"A long time ago, we used to be friends..."
I have a Visa debit card with my credit union, it's been fantastic. I can pay for goods and services online and sign for things in shops but the money comes from my checking account instead of an expensive line of credit that I don't trust myself to be responsible with. Credit transactions are also free, unlike direct debit EFTPOS (the Aussie equivalent to Singapore's NETS) which incurs a small charge each time.
What this Woolworths decision means is that when I give them my card to pay for groceries, I won't be allowed to say credit anymore and I'll be forced to use EFTPOS. This way Woolworths pawns the cost of the transaction to me. Yeah, gee, thanks guys.
I actually like shopping there
I shop at Woolworths here at Mawson Lakes because they're walking distance from my house and they have a really good selection of stuff. A lot of the produce comes from here in South Australia which I argue has some of the best food in the country (despite being born a New South Welshman!).
While overall I prefer living in Singapore, supermarkets there are either extremely expensive (Cold Storage charges double digits for small blocks of cheese) or their selection is abysmal (NTUC Fairprice is in many ways a glorified 7-11). You also constantly have to check where food is made, because if it comes from the United States chances are it'll be laden with partially hydrated corn syrup... YUCKIES! Except for grains from Bob's Red Mill in Oregon, that stuff is so wholesome and tasty it should be illegal.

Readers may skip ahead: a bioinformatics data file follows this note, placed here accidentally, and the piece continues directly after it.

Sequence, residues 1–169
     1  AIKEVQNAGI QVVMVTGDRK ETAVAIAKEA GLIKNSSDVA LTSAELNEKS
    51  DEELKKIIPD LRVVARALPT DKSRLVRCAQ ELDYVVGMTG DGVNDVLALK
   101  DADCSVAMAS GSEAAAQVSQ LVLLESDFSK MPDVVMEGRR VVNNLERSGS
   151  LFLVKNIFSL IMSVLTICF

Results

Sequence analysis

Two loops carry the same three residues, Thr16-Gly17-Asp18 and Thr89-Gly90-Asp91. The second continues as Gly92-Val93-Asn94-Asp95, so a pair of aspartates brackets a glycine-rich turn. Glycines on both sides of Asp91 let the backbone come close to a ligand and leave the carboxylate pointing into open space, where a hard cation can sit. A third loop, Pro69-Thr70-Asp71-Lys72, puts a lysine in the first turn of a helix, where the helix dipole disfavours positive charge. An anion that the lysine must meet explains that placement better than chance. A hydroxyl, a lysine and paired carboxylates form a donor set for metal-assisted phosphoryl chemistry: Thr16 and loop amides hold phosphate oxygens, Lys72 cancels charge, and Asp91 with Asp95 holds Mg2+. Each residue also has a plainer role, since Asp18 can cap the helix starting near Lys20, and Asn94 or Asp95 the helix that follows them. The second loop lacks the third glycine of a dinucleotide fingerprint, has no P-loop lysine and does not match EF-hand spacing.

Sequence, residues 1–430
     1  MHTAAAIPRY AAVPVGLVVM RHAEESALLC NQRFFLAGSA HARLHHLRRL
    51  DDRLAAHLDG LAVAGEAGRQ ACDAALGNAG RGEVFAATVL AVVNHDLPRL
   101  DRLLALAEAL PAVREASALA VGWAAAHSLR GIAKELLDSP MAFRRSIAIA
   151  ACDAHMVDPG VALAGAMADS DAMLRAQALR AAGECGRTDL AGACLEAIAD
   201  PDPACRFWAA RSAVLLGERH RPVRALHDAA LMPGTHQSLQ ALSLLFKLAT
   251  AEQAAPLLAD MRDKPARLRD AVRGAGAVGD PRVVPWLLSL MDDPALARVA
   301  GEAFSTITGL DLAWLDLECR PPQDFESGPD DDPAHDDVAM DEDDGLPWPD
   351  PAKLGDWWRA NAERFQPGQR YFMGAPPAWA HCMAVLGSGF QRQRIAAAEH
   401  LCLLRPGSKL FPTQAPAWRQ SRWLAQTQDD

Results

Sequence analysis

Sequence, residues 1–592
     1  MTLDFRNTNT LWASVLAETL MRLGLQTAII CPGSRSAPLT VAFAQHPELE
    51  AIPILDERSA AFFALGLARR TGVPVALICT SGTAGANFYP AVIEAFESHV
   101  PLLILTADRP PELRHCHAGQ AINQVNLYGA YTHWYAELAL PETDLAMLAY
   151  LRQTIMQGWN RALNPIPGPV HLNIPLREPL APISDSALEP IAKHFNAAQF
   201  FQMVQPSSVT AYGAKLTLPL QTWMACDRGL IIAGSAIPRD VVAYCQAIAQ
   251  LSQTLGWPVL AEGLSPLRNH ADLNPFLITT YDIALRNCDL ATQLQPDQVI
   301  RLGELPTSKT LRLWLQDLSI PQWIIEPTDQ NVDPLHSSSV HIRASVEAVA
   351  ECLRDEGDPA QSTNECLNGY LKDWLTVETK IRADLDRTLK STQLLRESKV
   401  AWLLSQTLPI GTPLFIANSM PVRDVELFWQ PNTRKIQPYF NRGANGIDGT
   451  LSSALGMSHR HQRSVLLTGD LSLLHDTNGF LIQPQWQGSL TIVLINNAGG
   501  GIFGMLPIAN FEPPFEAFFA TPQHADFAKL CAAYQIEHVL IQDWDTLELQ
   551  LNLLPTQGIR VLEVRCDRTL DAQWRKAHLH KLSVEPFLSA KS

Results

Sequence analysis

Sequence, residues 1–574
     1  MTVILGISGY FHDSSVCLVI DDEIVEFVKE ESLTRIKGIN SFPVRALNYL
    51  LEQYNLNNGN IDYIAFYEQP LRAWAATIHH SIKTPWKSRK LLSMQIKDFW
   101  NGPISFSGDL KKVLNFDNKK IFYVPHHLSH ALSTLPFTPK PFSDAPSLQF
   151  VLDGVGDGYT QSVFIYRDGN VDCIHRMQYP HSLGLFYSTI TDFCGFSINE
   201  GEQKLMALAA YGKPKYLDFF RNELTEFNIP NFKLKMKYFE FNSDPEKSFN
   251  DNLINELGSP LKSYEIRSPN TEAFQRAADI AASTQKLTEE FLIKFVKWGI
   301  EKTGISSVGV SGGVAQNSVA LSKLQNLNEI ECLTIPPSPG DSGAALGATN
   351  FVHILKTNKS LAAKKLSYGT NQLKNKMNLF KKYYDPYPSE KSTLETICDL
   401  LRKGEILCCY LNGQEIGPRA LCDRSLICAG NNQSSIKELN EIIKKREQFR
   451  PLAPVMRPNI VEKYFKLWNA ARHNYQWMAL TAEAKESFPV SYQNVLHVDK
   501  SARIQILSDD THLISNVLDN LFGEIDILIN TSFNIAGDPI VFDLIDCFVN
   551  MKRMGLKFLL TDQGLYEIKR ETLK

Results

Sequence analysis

That said, this move by Woolworths is kick in the pants of their customers, and what's worse they know they can get away with it. With most Aussies only having a choice between Woolworths or Coles in shopping centres and whatnot, this kind of blatant exploitation is almost the norm rather than the exception.
Can they do this?
What I want to know is whether this kind of behaviour is legal. I know cash is the only form of legal tender, but if they have signs in their window advertising they take Visa, MasterCard, ChuckPeddle and the like, are they allowed to refuse it just because it's a debit card? Is it false advertising?
Might be time to send a letter to the Better Business Bureau, assuming they haven't been inundated with correspondence about this already.